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A Conversation With … Jessica Kruse

Associate Circuit Court Judge for Christian County

Posted online

Why did you run for an elected judgeship?
My friend Jennifer Growcock ran for the circuit judge position in Christian County and I was on her campaign committee. People started saying to me, ‘You should run for that.’ I spent a lot of time in prayer and discernment making sure that this is something that I was supposed to be doing. Being a judge is the ultimate way, I think, that an attorney can serve the community.

As the primary judge presiding over juvenile cases, what’s the state of the foster care system in Christian County?
There are between 120 and 130 kids in care currently. That includes little children through abuse and neglect cases and older kids that are through the Division of Youth Services. The way the juvenile court system in Christian County has been run is very efficient. One of the challenges is that there is definitely an expectation that Christian County is going to grow fairly rapidly over the next several years. So, making sure that our court system can keep up with that and that we can change with the changing demographic and the changing population is certainly something that we’re looking at. There are some holes. For instance, some of the resources that we use for mental health treatment, we have to send a lot of people to Greene County and there’s a lot of backlog.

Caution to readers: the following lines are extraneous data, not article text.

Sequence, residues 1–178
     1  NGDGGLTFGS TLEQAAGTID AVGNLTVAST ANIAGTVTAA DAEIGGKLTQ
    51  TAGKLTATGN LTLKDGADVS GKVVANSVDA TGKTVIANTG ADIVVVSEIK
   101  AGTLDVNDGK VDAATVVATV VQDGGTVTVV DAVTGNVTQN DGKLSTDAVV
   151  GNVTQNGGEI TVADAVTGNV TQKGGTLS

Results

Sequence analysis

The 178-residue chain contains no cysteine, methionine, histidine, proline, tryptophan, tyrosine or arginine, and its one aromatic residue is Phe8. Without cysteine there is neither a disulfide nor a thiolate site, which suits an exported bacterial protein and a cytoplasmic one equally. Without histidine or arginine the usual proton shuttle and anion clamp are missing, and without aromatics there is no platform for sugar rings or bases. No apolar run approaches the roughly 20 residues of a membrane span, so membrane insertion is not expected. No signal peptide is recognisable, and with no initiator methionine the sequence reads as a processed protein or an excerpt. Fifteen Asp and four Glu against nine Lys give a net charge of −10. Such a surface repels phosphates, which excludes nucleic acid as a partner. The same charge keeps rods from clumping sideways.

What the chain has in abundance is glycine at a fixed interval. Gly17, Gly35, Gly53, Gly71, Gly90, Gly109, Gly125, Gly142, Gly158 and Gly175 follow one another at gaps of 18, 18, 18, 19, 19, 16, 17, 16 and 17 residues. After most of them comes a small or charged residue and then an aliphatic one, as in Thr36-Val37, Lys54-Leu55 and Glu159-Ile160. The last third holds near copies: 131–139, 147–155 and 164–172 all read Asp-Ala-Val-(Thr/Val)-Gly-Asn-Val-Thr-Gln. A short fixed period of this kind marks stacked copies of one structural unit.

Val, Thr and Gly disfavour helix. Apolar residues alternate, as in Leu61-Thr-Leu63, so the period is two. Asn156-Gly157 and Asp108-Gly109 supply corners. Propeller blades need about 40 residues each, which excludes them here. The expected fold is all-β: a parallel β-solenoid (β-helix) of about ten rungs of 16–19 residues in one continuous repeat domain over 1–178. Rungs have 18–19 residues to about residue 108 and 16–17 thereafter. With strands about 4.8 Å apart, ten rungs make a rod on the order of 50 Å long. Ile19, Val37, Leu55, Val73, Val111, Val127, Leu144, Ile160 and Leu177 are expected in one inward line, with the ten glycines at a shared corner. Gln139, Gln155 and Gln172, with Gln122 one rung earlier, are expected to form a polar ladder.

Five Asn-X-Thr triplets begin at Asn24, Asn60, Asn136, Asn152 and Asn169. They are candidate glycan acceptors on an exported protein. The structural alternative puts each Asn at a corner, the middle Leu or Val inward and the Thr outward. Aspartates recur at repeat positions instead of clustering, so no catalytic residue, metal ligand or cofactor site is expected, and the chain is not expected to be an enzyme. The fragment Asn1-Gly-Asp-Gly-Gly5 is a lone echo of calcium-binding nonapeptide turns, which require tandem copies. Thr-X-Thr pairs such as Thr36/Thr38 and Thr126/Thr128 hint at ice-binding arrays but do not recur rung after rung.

What principles will guide you as a judge?
At the very top of the list when I walk into the courtroom everyday is making sure that people feel heard and they don’t ever get the impression that I’ve prejudged the situation. Second is making sure that people are respected when they come in the court. In order to be fair and impartial, you have to be a good listener and you have to be respectful of people.

What is the jump to judge from attorney like?
As a lawyer, you’re always advocating for one party. And as a judge you really have to take a step back and look at the bigger picture and listen to all sides before making a decision. One thing that was very helpful for me was being a guardian ad litem in family law cases. In those situations, I’m having to listen to two sides, usually both parents or sometimes grandparents that are involved, and trying to make a decision that is in the best interest of the child. So that’s a lot of times what my focus is in family law cases. That experience really helped me prepare for what I’m doing right now.

On the national stage, Supreme Court nominee Brett Kavanaugh is facing allegations of sexual misconduct. Can you speak to the importance of a judge’s character?
It’s important in any elected position when the citizens are putting their trust in you that they know who it is that’s going to be in that position. With Judge Kavanaugh, you have a discrepancy between the public face that he is putting forth and potentially the private life that he had. Is that ultimately going to factor into how he makes a decision? It’s relevant whether a person is lying about the way they’ve acted in certain situations. I honestly cannot say that I have an opinion one way or another as to whether he should be confirmed or not confirmed. I think the concern is the way that he might view people of a different sex – if he’s making decisions that have to do with women’s rights issues and things of that nature [and] if he ultimately has a view of women that does not necessarily see them as an equal. If you’re going to be running for a public office, you have to be prepared to address those things. Whether you admit you screwed up or say that it didn’t happen, you have to deal with that.

Jessica Kruse can be reached at jessica.kruse@courts.mo.gov.

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